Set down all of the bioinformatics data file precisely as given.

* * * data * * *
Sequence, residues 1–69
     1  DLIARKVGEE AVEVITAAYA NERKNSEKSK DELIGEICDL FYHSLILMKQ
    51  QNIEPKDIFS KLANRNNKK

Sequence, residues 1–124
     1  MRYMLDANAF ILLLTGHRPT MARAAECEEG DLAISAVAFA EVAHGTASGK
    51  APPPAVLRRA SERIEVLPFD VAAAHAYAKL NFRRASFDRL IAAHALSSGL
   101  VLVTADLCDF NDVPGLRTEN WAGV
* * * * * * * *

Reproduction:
Sequence, residues 1–69
     1  DLIARKVGEE AVEVITAAYA NERKNSEKSK DELIGEICDL FYHSLILMKQ
    51  QNIEPKDIFS KLANRNNKK

Sequence, residues 1–124
     1  MRYMLDANAF ILLLTGHRPT MARAAECEEG DLAISAVAFA EVAHGTASGK
    51  APPPAVLRRA SERIEVLPFD VAAAHAYAKL NFRRASFDRL IAAHALSSGL
   101  VLVTADLCDF NDVPGLRTEN WAGV